Tcl (Tool Command Language) is two things: a scripting language and an interpreter for that language that is designed to be easy to embed into other applications. As a language, it is much like UNIX shell languages. There is very little syntax and it is easy to learn. It is used to glue together building blocks built in system programming languages like C, C++, and Java. These building blocks appear as commands, or verbs, in the script language. It is easy to embed Tcl into a legacy program so you can script the behavior of that program and add in other building blocks like a GUI interface. The Tcl interpreter is written in C and has been ported to almost every computer platform. Tcl is embeddable and extensible, and has been widely used since its creation in 1988 by John Ousterhout.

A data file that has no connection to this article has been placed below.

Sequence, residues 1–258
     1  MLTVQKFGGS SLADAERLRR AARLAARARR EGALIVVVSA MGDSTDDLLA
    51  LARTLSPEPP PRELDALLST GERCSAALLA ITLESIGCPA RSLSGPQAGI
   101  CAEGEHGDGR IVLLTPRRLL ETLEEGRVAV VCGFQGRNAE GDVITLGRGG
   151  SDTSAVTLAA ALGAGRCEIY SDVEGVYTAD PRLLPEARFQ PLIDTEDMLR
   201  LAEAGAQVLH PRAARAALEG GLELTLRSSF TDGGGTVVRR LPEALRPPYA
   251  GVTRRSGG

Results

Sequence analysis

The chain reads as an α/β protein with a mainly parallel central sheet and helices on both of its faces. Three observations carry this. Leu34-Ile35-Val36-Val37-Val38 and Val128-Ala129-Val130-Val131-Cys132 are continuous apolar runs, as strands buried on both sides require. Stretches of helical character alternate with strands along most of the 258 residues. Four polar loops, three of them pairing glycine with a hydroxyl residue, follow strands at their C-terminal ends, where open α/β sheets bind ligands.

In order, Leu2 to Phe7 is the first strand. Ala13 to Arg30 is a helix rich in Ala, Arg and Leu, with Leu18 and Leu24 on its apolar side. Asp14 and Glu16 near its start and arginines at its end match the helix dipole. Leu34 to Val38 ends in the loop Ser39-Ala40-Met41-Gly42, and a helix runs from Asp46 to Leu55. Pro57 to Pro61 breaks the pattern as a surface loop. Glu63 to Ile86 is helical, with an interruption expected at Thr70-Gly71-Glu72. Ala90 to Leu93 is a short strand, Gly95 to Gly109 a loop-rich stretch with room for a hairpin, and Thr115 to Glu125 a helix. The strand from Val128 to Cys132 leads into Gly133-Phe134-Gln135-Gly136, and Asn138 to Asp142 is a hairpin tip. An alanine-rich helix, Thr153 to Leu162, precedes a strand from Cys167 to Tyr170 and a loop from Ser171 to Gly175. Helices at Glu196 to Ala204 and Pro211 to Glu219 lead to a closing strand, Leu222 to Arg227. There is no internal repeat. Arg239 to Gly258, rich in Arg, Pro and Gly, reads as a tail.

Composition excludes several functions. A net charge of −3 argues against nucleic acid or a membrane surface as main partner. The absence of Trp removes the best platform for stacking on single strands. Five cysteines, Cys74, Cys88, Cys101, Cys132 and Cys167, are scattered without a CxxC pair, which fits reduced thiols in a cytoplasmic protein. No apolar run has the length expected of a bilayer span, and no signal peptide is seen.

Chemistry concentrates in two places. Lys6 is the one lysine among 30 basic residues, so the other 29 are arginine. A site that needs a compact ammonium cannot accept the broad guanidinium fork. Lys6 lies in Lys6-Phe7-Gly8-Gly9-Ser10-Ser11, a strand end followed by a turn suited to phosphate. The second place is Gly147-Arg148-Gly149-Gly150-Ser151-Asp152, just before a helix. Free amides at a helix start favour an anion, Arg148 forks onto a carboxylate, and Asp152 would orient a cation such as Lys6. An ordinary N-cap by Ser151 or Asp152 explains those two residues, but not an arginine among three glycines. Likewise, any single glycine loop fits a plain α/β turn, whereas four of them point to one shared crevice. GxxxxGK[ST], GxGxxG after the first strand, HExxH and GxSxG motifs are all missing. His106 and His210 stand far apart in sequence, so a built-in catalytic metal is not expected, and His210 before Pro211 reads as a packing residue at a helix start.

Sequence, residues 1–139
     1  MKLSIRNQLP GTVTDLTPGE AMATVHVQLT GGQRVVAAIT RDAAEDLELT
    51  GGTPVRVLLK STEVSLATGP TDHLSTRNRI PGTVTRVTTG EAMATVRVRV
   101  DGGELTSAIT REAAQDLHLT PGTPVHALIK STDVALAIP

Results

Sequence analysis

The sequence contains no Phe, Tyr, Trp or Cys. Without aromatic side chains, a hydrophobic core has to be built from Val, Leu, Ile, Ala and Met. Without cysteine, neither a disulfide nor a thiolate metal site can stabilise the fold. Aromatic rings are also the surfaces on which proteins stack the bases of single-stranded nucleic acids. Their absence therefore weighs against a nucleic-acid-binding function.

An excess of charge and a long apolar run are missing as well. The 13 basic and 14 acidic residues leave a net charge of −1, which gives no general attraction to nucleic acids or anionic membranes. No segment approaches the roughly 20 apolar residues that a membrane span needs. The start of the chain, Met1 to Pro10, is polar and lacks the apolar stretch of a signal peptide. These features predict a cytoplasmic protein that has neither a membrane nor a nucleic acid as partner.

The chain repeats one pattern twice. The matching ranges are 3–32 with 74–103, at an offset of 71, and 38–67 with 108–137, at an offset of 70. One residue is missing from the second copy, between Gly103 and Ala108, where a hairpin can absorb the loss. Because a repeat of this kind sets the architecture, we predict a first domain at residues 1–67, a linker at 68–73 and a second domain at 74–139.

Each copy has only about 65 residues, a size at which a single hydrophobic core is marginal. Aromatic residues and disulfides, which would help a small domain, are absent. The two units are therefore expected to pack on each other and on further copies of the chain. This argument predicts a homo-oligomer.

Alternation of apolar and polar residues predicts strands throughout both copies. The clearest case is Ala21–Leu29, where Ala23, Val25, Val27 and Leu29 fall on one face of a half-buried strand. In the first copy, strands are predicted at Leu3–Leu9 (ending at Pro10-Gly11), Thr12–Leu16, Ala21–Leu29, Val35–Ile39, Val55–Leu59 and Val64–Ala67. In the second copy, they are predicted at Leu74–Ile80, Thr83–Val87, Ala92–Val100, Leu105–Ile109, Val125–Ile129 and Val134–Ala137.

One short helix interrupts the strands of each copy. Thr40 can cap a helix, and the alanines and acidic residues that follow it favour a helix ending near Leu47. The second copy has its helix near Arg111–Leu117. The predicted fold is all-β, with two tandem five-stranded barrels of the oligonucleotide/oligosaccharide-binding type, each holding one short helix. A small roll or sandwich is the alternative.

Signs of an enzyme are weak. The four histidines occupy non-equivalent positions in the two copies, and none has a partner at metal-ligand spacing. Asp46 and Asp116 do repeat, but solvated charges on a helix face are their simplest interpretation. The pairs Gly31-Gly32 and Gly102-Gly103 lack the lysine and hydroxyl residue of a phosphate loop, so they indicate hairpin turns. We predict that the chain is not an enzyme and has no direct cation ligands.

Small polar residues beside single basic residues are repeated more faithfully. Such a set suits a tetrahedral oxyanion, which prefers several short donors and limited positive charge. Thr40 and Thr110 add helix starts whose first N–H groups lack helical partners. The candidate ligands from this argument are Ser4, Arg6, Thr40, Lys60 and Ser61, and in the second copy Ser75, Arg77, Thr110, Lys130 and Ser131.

Tk is a portable GUI toolkit for Tcl, it allows simple and dynamic creation of graphical interfaces that run on Mac, Windows, UNIX and other platforms.
What's new in this version:
- use of DLLIMPORT and DLLEXPORT like on other platforms, no longer use .exp files to determine what gets exported from DLLs, this also needs the #defines BUILD_tcl, BUILD_tk & STATIC_BUILD to be setup properly, thus
- revised precompiled header handling: we now include a common header file 'MW_TclHeaderCommon.h' from all .pch files, the .pch files themselves now only setup #defines like in makefiles on other platforms
- added support for -filetypes option to tk_getSaveFile (tcl bug #221... See all new features »